Strategic Risk Analysis
Financial risk analysis is a core competence of Chairmont. Our work across most assignments involves some level of financial risk analysis, whether its market (price), operational, credit and counterparty, alternative risk transfer market and general risk assessment.
An operations department typically attends to those administrative, logistical, and other duties necessary for an organization's day-to-day functioning. Depending on the nature of the organization, an operations department, sometimes called a back office, may be responsible for a diverse range of responsibilities. The operations department is responsible for ensuring a company operates as efficiently and economically as possible.
Catastrophe Risk Management Diagnostic
Part of our Balanced Risk Management methodology and advice to clients includes addressing seemingly unlikely "catastrophic" events that may impact an organisation's likelihood of survival.
Read more on our Catastrophe Risk Management Diagnostic
We refer to the identification and management of such events as "Catastrophe Risk Management" and relevant events range from natural disasters to changes to Government legislation.
Structural Path Equation Modelling
Chairmont has an enhanced diagnostic that overcomes the rudimentary weaknesses of traditional statistical methods. This will provide greater understanding of relationships and transmission mechanisms between the independent variables.
The widely used applications of Structural Equation Modelling (SEM) analysis typically focus on observing the simple 1 on 1 relationships between “independent” and “dependent” variables in order to understand cause and effect transmission dynamics. An example in the financial services industry might be the relationship between interest rate increases and home loan arrears; Chairmont has an enhanced diagnostic that overcomes the rudimentary weaknesses of such traditional methods. This modelling approach is referred to as Structural Path Equation Modelling (SPEM) which introduces a third variable type of a "mediating" variable that sits between dependent and independent variables.
Mediating variables may increase or decrease the impact of an independent variable on a dependent variable, as measured through multiple elasticity metrics. Under a SPEM framework the diagnostic applies behavioural measurement techniques in identifying these mediating variables through the use of psychological based statistical collection methods. In 2010 Chairmont conceptually applied its diagnostic to the Government’s 2008/2009 Stimulus Package which included cash transfers of $12.2bn.The diagnostic was aimed a better understanding the effectiveness of the cash transfers through the relationships and transmission mechanisms between the independent variables (who got what - amount by recipient type) and the dependent variables (impact on the economy - GDP, Retail Sales, Unemployment). Chairmont addressed this through the identification of the mediating variables, i.e. the behavioural patterns of the stimulus recipients, and the associated economic flow-on effects from those behaviours to the dependent variables.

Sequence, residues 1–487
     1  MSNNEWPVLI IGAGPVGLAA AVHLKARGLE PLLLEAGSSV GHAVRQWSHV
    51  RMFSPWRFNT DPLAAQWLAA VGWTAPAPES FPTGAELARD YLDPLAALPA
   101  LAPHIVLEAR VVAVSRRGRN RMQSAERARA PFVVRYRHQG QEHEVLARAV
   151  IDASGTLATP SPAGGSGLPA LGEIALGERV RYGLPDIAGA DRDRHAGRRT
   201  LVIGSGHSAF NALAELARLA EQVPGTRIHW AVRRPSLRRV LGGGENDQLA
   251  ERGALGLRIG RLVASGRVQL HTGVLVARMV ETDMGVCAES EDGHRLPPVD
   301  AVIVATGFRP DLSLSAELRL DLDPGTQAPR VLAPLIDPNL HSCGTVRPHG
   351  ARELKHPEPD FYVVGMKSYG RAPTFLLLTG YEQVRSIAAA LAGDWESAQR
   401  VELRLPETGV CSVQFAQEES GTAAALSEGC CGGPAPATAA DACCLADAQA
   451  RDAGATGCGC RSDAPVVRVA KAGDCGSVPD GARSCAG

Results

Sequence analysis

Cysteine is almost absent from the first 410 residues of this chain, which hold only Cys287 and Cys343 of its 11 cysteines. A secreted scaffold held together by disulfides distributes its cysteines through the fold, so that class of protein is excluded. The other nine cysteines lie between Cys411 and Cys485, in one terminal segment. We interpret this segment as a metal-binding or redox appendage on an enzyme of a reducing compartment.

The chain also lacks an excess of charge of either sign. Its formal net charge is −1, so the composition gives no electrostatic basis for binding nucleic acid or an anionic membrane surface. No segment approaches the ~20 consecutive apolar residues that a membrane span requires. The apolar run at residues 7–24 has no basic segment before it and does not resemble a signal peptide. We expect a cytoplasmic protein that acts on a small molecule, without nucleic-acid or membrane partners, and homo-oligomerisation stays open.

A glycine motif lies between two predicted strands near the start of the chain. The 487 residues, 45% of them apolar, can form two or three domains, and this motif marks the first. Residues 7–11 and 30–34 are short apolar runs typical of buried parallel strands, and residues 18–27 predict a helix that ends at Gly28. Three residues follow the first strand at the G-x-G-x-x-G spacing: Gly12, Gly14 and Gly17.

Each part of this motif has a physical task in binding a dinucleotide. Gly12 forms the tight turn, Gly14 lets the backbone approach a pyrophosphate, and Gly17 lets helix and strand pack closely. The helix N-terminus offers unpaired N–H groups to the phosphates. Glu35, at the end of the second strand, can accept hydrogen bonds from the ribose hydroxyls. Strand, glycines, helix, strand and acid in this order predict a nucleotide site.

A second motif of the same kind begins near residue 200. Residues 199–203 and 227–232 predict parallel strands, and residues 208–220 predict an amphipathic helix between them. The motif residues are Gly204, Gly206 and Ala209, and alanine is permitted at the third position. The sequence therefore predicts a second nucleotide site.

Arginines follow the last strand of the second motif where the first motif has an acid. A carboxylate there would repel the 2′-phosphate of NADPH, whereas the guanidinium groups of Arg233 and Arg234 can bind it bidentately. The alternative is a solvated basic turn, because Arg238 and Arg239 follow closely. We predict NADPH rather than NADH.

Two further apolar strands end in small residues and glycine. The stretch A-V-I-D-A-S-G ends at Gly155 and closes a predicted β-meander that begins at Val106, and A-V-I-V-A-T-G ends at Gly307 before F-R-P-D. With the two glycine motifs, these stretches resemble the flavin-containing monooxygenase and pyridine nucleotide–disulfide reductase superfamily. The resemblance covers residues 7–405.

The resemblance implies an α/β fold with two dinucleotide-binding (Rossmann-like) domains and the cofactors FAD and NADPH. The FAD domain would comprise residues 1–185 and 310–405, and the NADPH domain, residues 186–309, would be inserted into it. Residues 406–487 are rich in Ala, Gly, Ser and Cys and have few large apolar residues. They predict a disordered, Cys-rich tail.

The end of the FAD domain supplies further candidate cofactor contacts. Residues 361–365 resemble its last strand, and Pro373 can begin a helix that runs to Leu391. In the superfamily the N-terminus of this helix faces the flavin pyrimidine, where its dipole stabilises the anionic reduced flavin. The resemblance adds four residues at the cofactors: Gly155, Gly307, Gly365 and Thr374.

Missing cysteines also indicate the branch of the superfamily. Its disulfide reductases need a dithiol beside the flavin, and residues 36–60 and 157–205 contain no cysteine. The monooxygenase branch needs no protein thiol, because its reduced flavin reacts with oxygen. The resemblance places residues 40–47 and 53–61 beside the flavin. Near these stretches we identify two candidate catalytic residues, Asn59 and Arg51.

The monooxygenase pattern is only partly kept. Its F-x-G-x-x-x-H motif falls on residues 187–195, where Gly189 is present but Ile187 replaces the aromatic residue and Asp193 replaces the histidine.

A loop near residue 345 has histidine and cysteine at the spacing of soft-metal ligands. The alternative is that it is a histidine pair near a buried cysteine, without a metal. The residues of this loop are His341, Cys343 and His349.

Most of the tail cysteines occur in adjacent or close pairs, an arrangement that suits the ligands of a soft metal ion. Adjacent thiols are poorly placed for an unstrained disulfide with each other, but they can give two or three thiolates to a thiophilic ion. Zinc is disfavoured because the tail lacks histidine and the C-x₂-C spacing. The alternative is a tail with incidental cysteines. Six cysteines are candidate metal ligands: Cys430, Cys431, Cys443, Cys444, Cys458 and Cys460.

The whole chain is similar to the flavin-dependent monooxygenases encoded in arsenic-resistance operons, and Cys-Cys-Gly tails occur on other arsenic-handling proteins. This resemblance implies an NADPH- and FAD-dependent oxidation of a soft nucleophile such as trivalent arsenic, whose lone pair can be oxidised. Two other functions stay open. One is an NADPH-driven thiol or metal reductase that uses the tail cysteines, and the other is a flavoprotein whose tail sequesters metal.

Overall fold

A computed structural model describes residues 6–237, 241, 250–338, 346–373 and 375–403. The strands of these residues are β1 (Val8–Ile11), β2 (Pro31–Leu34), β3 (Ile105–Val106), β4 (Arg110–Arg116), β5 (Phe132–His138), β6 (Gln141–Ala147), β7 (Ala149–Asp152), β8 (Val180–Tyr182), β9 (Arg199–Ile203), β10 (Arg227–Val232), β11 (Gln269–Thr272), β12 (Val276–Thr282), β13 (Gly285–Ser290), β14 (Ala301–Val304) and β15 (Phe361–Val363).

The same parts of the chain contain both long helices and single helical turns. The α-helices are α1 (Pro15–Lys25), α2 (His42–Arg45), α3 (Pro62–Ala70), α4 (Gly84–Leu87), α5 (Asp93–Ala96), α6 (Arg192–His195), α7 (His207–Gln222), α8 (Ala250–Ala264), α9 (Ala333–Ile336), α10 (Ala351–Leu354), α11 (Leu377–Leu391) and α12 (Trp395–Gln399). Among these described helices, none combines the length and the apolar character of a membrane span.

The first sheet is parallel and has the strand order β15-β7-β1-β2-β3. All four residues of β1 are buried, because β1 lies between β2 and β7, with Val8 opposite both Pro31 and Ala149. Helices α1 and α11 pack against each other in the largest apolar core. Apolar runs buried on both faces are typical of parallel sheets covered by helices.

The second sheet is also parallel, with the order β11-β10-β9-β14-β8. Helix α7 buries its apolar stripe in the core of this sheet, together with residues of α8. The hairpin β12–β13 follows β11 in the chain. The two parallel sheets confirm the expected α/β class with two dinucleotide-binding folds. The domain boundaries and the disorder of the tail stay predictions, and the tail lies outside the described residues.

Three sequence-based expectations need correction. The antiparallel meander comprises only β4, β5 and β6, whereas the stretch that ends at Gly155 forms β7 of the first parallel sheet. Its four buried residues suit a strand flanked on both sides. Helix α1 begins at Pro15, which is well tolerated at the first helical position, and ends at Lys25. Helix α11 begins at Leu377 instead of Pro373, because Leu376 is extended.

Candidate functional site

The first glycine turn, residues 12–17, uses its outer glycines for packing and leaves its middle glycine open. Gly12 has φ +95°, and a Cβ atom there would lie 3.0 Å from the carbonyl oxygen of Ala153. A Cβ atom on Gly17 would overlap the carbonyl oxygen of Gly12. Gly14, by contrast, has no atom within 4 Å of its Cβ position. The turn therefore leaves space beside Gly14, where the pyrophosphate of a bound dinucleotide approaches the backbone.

Click on the links below to view how this has been applied to the Federal Government's stimulus package.
Part 1: Macroeconomics and the Household Stimulus.
Part 2: Behavioural Modelling of the Household Stimulus.
Part 3: Statistical Analysis Considerations.
Touchpoint Pattern Analysis Diagnostics
Chairmont has developed a Touch Point Pattern Analysis diagnostic within a Big Data world aimed at improving the effectiveness and efficiency of businesses and governments.
“Big Data” refers to the increasing volume and detail of information captured by enterprises and through the rise of multimedia and social media that will drive the accelerating growth in data going forward. Chairmont has developed a Touch Point Pattern Analysis diagnostic within a Big Data world aimed at improving the effectiveness and efficiency of businesses and governments. This diagnostic has been conceptually applied to the effectiveness of social security and welfare expenditure.
Governments often allude to measurement deficiencies in respect of their “value for money” principle in respect of inputs and outputs versus desired outcomes. These deficiencies are in respect of the lack of evidence of a clear relationship between expenditures and outcomes. Chairmont’s Pattern Analysis tool leverages our SPEM diagnostic (refer separate case study) as applied to the welfare system.